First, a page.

Opa-locka businesses may soon have to replace giant pole signs with discreet, ground-hugging “monument” signs if the city passes a new law as part of an effort to make the community look better.
According to Howard Brown, the city’s community development director, the ordinance would mainly affect pole signs, wall signs and window signs.
“We’re trying to bring about a uniform standard that takes into consideration the aesthetics of it all,” Brown said.
Commissioner Dottie Johnson has been exploring the option for two years and was able to bring it before the commission and community at a town hall meeting last week.
“I believe that citizen input is crucial, especially the businesses because this is going to have a big impact on them,” Johnson said.
As a result of the meeting, the draft ordinance is going into further review before it is presented to the community again. So far however, Opa-locka is proposing to give local businesses two years to submit a plan for their new signs and four years to comply with the new rules. Additionally, businesses will have the option to choose a selected vendor in order to create the new signs. Businesses said at the meeting that they want to have a choice of vendors. Owners are also concerned about the cost.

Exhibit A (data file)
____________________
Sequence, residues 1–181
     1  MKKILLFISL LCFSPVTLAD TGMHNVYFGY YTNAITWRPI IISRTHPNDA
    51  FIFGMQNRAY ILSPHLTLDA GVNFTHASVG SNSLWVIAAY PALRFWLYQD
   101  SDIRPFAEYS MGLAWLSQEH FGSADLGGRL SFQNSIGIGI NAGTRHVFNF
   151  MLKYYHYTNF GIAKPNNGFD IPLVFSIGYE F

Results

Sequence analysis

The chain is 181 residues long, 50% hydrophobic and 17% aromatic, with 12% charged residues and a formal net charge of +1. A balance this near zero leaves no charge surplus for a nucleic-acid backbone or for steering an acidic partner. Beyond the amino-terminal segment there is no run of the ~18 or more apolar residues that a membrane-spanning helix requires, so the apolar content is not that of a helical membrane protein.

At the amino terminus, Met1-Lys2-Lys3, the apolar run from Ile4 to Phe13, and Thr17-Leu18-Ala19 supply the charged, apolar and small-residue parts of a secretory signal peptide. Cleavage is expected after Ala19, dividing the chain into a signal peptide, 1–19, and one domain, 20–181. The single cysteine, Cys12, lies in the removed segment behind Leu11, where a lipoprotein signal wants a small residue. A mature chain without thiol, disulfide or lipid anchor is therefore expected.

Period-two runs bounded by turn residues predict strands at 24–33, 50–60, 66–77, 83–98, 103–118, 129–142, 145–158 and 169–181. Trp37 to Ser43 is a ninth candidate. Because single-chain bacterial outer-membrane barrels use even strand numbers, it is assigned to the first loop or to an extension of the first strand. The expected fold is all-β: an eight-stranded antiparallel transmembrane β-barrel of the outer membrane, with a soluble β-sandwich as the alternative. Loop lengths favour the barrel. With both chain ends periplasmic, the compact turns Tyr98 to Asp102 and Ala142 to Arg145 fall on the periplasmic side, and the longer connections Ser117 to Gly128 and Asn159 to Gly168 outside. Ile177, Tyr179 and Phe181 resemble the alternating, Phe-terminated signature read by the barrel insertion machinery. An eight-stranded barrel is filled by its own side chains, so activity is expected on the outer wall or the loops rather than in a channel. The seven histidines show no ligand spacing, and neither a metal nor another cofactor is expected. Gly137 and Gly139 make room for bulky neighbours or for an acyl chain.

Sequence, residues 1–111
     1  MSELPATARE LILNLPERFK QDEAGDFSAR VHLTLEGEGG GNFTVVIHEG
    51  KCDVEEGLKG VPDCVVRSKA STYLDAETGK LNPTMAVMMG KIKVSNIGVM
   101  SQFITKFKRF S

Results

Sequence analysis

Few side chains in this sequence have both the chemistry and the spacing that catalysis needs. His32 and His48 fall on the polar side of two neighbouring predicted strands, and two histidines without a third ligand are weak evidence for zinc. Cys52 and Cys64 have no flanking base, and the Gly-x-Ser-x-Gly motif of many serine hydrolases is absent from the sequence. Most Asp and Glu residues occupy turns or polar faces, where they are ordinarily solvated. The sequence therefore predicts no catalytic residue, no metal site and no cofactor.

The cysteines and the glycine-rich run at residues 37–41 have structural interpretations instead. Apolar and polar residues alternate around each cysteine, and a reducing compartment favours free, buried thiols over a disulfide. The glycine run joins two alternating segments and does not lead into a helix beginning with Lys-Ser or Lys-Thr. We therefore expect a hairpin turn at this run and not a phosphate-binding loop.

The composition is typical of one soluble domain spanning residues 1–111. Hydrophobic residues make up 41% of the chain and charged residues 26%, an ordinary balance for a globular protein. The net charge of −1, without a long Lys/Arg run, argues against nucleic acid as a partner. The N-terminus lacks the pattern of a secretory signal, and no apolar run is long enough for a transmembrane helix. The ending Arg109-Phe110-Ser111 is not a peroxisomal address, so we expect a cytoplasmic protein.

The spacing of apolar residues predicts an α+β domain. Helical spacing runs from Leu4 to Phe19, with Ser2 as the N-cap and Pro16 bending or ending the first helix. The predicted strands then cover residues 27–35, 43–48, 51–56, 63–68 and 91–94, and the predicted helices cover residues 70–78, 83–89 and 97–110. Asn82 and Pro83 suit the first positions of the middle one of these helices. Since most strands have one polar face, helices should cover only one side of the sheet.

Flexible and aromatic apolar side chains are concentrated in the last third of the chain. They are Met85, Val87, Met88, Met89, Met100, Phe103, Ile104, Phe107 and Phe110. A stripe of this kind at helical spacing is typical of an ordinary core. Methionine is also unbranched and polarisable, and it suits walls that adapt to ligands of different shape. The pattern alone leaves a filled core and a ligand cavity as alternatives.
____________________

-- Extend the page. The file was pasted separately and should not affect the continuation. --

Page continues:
“I want to know if there’s been any type of evaluation as it relates to the total cost for the businesses,” said Marc Caputo, vice president of operations for Instant Storage.
According to the initial draft, the ordinance is designed to “promote the public health, safety, comfort, good order, appearance, morals and general welfare.” Under Florida law, cities can pass regulations purely to make the community look more attractive.
Following other cities such as Miami Gardens and North Miami Beach, Commissioner Johnson’s idea is that regulating signs will change the city’s image.
“Our image is important because we want to attract more businesses and make the area more appealing, a place where your kids want to come back home to, a safe, clean community,” said Johnson.
Although originally set to go for a vote in December, Johnson has postponed voting on the ordinance pending further review and another town hall meeting.